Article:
La Canoa Legacy Talks: A Lie Halfway Around the World: The Carl Taylor Murder Case

2 pm

Gabriel Meléndez of the Center for Regional Studies will discuss “A Lie Halfway Around the World,” a chapter in his book, Hidden Chicano Cinema. The chapter explores the shallow mysteries and deep complexities surrounding the death of the travel-adventurer and freelance journalist Carl N. Taylor in 1936. Taylor was murdered as he readied himself to attend a gala event in Albuquerque. What appears as a set of non-sequential links between New Mexico’s chronic poverty, its religious traditions, and its reputation as an arts mecca results in a series of unexpected outcomes that stem from the intricate and layered master-chore boy relationship that drew together “the mountain boy,” Modesto Trujillo, and his writer-employer, Carl Taylor. The real-life drama far outstripped Hollywood’s attempt to market its sensationalistic B-movie, “The Lash of the Penitentes,” designed to exploit the fears and anxieties of the nation, Taylor’s tragic death, and smudge the dignity of the neighbors Taylor had come to know and admire.
Free event, open to the public.

“Hamilton”: Changing the Way We Learn History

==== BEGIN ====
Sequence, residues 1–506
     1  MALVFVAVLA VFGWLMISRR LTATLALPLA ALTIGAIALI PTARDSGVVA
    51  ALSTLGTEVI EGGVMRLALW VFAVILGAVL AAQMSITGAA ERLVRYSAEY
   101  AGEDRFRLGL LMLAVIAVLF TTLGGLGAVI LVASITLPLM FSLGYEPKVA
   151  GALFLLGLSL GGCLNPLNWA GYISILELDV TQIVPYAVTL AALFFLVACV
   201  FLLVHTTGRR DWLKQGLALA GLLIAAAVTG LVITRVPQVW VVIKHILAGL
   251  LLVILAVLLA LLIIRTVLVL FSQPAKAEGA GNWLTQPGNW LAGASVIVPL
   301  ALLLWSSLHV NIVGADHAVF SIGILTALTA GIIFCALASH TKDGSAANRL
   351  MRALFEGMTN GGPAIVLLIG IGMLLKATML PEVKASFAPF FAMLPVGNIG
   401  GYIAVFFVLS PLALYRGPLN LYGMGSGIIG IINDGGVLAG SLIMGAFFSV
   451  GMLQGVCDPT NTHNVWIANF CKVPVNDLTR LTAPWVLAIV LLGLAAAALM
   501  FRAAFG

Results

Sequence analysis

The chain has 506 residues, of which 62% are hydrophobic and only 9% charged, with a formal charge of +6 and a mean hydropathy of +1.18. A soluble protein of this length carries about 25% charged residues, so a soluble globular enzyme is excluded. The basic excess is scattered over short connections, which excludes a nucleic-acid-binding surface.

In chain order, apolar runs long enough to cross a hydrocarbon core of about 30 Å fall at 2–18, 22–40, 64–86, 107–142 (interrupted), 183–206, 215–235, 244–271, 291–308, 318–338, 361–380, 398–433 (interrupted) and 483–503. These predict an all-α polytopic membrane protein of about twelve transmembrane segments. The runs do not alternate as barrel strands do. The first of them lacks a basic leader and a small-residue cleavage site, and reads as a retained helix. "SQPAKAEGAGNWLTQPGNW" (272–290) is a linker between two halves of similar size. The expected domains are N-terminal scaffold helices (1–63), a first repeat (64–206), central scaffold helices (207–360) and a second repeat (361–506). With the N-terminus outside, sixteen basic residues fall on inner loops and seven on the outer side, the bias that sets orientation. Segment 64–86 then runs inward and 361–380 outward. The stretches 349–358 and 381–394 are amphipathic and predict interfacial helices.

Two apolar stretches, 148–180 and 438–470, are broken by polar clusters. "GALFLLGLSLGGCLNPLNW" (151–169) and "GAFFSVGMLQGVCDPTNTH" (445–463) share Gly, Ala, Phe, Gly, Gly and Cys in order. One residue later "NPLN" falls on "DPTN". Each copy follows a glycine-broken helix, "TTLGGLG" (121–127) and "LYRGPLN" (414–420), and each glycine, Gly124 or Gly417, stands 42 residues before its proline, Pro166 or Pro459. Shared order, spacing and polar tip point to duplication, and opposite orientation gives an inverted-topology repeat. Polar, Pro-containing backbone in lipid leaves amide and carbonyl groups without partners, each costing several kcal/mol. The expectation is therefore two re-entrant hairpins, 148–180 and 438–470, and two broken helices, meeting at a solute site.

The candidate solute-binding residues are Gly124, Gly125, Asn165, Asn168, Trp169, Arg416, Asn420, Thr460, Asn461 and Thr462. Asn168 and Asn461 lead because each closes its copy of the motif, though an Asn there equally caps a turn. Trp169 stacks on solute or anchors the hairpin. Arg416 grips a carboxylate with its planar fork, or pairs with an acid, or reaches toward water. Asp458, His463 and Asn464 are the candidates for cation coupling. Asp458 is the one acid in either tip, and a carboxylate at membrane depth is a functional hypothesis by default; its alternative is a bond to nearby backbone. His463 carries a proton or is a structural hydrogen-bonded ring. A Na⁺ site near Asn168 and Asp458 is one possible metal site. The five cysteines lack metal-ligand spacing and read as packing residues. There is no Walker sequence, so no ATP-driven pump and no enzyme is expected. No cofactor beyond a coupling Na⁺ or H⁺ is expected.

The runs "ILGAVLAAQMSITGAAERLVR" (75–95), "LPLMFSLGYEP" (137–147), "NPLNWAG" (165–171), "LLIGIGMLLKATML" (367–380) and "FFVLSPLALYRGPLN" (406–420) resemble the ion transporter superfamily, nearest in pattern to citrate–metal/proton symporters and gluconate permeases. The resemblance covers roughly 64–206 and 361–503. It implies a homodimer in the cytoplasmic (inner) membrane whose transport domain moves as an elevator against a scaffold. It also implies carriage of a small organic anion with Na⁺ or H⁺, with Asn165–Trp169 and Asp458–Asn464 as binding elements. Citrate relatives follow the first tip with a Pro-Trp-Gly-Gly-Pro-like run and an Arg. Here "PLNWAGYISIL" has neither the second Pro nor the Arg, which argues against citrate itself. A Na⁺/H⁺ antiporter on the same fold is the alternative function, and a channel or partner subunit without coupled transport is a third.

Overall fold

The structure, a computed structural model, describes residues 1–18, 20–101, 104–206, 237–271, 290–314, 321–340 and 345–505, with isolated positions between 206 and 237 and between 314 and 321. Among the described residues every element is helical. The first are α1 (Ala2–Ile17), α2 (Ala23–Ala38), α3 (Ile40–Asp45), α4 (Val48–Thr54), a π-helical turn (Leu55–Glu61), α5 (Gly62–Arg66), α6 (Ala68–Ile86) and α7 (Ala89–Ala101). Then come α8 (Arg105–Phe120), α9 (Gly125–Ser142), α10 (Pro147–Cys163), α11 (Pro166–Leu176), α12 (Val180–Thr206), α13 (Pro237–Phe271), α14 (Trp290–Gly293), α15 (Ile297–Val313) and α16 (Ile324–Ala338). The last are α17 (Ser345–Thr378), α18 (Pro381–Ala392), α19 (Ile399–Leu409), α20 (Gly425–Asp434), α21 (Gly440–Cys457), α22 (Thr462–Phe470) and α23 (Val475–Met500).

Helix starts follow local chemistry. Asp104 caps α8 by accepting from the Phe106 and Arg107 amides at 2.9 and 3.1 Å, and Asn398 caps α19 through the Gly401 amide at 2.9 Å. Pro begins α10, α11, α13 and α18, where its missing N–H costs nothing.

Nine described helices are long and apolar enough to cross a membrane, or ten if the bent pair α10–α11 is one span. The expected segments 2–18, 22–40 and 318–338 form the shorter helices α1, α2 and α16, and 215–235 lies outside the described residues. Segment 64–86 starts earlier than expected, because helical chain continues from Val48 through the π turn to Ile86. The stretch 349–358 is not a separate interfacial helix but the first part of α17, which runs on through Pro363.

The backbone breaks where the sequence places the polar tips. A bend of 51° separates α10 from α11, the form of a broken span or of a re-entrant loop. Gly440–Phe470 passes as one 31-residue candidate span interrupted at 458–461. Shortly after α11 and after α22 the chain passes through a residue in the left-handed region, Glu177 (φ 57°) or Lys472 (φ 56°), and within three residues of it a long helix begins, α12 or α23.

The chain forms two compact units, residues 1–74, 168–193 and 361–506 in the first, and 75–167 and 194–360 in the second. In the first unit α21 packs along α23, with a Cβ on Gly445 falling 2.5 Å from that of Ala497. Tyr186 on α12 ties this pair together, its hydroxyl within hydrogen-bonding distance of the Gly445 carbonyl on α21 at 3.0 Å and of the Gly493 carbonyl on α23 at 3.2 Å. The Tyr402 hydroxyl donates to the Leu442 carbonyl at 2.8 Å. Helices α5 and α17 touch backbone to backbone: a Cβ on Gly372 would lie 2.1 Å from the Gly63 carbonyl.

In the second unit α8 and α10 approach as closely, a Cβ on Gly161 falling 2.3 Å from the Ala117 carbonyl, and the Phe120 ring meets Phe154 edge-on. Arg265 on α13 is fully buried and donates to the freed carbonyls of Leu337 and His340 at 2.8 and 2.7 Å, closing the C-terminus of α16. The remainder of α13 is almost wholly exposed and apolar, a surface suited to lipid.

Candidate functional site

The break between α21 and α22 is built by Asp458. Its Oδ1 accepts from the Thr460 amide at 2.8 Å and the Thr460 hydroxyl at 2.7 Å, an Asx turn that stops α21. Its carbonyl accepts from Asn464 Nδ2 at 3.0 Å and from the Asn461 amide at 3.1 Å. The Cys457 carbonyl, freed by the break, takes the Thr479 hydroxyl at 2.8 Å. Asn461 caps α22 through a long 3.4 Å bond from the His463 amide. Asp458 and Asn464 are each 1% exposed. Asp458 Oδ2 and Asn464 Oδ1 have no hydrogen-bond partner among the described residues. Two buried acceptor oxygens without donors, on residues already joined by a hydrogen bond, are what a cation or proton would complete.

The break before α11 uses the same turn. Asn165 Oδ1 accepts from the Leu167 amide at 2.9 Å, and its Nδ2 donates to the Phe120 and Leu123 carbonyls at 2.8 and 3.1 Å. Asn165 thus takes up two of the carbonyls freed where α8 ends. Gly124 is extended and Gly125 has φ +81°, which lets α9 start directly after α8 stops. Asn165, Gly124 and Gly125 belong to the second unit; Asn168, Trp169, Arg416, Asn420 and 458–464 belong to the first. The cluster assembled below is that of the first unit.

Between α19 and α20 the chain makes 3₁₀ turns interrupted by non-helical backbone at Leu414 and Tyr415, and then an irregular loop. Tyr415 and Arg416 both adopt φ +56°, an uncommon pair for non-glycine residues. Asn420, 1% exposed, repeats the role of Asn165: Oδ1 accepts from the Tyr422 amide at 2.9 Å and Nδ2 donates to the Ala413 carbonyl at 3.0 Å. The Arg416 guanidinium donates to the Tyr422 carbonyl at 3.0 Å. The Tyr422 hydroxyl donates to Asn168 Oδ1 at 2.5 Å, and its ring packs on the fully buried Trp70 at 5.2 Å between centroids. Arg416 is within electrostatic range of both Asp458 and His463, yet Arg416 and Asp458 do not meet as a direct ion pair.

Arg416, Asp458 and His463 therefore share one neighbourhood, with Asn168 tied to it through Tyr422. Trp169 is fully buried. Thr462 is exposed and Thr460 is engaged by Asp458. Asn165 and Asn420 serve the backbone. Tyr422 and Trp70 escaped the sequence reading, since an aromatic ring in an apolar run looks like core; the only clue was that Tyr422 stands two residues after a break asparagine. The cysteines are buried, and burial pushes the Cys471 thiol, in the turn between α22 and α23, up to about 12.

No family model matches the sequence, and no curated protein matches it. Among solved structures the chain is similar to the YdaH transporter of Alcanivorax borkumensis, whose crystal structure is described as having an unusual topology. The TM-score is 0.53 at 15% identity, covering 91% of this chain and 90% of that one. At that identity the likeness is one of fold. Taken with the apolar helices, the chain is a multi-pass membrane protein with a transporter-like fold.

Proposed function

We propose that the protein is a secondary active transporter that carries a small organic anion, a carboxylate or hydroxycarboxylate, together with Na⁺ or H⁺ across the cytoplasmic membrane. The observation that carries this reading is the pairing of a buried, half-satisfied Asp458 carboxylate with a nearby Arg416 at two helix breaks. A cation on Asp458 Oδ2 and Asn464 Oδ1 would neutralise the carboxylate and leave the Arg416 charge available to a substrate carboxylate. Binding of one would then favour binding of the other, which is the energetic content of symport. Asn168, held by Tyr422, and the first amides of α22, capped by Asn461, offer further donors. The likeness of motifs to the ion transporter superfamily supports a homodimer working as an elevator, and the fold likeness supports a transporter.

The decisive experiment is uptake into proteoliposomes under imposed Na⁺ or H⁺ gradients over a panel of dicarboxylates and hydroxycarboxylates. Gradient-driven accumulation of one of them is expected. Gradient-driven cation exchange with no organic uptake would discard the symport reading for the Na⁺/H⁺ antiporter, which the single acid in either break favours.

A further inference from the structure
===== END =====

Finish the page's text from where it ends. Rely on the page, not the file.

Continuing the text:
2 pm

During this event, teachers and teens will lead an interactive discussion (with music, video and lyrics) about why the School Library Journal calls “Hamilton” a “‘darn near perfect’ teaching tool for history” and how rap, hip hop, spoken word poetry and other popular genres can newly engage young people (and the rest of us) in learning about historical events.

The radiating effects of “Hamilton,” the musical, are wide-ranging. The rap/hip hop lyrics have drawn young people to the story of Alexander Hamilton and the birth of a nation. The musical has made a bestseller (again) of Ron Chernow’s biography of Hamilton. Poetry-lovers are finding even more space for rap and hip hop in the narrative canon. And Lin Manuel Miranda has been launched into stardom, including a 2015 MacArthur Foundation Award and a 2016 Pulitzer Prize in Drama.

“Hamilton” is also changing the way we understand history. “The primarily black and Hispanic cast reminds audiences that American history is not just the history of white people, and frequent allusions to slavery serve as constant reminders that just as the revolutionaries were fighting for their freedom, slaves were held in bondage” (The Atlantic, 2015). The musical also emphasizes the significant role that immigrants have played in the nation’s history.

This event will be facilitated by teens from Albuquerque High, teens and teachers from Bosque School, and the NHCC’s Director of History and Literary Arts Valerie Martínez.
Free public event

People Powered: New Mexicans and Social Movements